Day 2 of the 53rd Paris Air Show saw activity aplenty. Not least came a shot in the arm for Boeing in the shape of a commitment from International Airlines Group (IAG) for 200 of its 737 MAXs.
After a miserable Day 1 for the Boeing Company, IAGs offer boosted the viability of the American corporation, the productivity of which has languished since the grounding of its MAX fleet.
Multinational holding company IAG, which has airlines such as Aer Lingus, British Airways, Iberia and Vueling under its wing, yesterday signed a letter of intent worth in the region of $24bn, according to a Boeing press release.
As a result Boeing shares jumped 5.4% to 373.96 on the US stock market according to Gillian Rich writing for Investors.com.
Despite still not having any firm orders on Day 2 the aerospace giant also announced its receipt of a commitment from Korean Air for 20 of its B787 Dreamliners. The Korean deal is thought to be worth $6.3bn.
Airbus continues to dominate the Show. It received purchasing commitments from IAG and Philippine airline Cebu Pacific for its new A321XLR. Cebu Air has ordered 10 A321XLR jets just one day after Airbus’s unveiling of its new long-range single-aisle airliner.
Cebu also signed a memorandum of understanding for 16 Airbus A330neos and five A320neos. The combined deal is said to be worth around $6bn. The carrier’s A330neo will be configured to accommodate 460 single-class seats.
IAG has ordered 14 A321XLRs from Airbus. Eight XLRs are destined for service with Spanish flag carrier Iberia and six with Irish carrier Aer Lingus.
The twinjets will allow Aer Lingus (already a loyal customer of the A321LR) to operate extended transatlantic services.
Deliveries to Iberia and Aer Lingus are expected to start in 2023.
And in other news…
Franco-Italian manufacturer ATR has received a letter of intent from Nordic Aviation Capital. The leasing company wishes to purchase 35 ATR72-600s with the option for a further 35. Delivery of the first batch is expected between 2020 and 2025.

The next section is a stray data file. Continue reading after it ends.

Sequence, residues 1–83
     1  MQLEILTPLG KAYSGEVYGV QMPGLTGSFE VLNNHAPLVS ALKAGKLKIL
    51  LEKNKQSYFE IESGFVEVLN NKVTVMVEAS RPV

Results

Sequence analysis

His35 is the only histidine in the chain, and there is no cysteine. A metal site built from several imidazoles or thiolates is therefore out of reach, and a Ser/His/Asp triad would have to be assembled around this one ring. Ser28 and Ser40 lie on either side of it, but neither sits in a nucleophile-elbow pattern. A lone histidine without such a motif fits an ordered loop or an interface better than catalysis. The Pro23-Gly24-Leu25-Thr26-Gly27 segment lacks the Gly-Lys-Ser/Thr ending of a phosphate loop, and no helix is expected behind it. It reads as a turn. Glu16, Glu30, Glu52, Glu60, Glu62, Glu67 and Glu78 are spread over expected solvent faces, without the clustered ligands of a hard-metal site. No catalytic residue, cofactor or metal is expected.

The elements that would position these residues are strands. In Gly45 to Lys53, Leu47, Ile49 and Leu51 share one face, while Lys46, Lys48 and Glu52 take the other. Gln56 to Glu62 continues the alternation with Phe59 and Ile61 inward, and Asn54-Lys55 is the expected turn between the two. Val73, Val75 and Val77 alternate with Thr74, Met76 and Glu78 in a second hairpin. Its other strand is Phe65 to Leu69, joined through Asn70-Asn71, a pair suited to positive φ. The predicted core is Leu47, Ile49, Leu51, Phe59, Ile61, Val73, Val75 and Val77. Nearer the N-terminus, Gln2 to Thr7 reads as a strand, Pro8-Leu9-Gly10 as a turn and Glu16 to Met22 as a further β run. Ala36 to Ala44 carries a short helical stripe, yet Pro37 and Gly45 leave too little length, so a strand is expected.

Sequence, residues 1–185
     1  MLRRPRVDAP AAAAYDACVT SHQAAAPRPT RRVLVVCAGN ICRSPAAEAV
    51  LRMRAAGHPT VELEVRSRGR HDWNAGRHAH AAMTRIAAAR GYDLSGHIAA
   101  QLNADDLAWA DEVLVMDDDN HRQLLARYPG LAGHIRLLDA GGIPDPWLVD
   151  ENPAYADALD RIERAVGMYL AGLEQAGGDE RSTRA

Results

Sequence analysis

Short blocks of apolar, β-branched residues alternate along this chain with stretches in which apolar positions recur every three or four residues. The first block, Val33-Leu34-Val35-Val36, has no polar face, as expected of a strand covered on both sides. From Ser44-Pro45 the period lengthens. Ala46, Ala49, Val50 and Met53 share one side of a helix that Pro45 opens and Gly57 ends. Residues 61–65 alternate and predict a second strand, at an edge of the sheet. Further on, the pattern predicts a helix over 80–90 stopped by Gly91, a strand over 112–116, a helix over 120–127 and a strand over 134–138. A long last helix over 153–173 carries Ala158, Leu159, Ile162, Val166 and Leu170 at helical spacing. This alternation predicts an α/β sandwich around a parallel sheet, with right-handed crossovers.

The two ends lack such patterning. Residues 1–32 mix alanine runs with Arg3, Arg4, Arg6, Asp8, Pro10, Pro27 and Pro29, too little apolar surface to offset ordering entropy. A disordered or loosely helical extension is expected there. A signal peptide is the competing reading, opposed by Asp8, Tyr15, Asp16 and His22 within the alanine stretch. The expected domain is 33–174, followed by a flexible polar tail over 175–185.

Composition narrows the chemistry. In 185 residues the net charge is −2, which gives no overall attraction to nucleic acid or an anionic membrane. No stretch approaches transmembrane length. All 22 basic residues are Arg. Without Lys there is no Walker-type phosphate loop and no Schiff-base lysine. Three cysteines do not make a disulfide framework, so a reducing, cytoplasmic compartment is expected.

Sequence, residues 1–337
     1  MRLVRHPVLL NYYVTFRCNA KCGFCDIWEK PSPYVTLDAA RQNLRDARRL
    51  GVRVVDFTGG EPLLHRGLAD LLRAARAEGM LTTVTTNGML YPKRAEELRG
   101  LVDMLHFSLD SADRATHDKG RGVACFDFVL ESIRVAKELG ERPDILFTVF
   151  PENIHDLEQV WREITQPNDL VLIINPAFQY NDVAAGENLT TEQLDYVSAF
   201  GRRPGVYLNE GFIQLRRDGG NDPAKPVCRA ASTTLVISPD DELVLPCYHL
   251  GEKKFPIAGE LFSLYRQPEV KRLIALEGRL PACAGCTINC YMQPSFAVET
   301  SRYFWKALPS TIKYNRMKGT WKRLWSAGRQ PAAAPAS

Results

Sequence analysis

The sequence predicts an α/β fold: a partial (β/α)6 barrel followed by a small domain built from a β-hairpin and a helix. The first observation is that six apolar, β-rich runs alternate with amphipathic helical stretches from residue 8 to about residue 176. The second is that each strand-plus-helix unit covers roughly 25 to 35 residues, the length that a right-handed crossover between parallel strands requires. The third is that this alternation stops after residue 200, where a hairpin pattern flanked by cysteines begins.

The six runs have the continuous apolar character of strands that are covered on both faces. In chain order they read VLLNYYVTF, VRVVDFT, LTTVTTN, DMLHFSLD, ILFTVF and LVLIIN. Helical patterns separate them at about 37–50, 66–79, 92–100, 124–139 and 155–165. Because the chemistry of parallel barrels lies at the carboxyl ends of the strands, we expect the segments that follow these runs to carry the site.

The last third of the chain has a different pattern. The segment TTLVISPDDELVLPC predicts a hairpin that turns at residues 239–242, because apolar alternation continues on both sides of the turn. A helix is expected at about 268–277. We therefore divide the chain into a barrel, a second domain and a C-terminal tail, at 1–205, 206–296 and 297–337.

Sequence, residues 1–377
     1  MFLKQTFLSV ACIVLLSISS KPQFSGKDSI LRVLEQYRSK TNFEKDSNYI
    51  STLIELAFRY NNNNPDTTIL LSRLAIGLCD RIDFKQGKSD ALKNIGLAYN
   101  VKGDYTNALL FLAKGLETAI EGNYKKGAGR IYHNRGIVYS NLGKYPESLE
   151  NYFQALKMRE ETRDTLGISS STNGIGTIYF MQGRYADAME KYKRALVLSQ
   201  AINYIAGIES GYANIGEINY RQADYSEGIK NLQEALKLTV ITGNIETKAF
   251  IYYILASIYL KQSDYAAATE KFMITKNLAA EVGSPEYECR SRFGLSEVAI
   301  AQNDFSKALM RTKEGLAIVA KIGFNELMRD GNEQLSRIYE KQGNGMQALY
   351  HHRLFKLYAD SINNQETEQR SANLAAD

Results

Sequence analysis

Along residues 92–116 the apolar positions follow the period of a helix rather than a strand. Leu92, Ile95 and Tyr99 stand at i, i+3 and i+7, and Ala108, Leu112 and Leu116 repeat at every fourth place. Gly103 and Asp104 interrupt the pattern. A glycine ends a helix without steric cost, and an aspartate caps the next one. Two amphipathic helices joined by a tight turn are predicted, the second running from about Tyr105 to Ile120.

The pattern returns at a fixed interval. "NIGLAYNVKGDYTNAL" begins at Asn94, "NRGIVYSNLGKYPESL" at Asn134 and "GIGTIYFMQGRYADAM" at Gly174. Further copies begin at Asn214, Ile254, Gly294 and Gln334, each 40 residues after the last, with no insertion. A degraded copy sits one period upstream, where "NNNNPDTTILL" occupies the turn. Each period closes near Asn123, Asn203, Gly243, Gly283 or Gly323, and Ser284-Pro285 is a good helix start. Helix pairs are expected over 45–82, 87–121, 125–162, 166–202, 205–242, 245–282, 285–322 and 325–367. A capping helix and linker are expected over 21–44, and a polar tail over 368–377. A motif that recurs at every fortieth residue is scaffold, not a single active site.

Video of the day:
Delta Air Lines has ordered five more A220-100s from Airbus. The manufacturer’s biggest customer of the A220-100 now has 95 A220 types on order including 50 A220-300s. LCCs JetBlue and Moxy still retain their lead with the most A220-300s on order.
As previously reported AirAsia yesterday converted an order for 253 A320-200neos to the larger A321-200neo. The low cost airline has also agreed with CFM International the purchase of 200 LEAP-1A engines in order to power its new neos.
Regional Spanish airline Binter Canarias has finalized an order for two E195-E2s from Embraer. Binter hopes to receive the first of the larger medium-range jet airliners in the latter part of this year. On receipt Binter will become Europe’s first customer of the new type.
Korean Air has committed to the purchase of 20 B787s split halfway between the -9 type and the -10. In addition to the leasing of 10 further B787s from Air Lease Corporation the Korean fleet of Dreamliners will stand at 40.
Carrier expansion favors Airbus
Japanese domestic carrier Fuji Dream Airlines has ordered two E175s from Embraer. The airline operates E170s and E175s from its hubs at Shizuoka Airport and Nagoya Airfield. Delivery of the new E175s is expected to be made later this year.
National carrier of the Faroe Islands, Atlantic Airways, has agreed to buy two A320neos from Airbus. Industry insiders suspect the purchase is a precursor to the airline announcing services to the United States. Earlier this year we reported that Atlantic Airways had submitted an application for commercial services to the US.
Finally, Saudi Arabian Airlines ordered 30 A320neos from Airbus in a deal that includes 15 A321XLRs. Airbus intimated that the Saudi airline also intended to purchase 30 more A320neos at a cost of $3.3bn.
Stay tuned to Simple Flying for a Day 3 report from the Paris Air Show.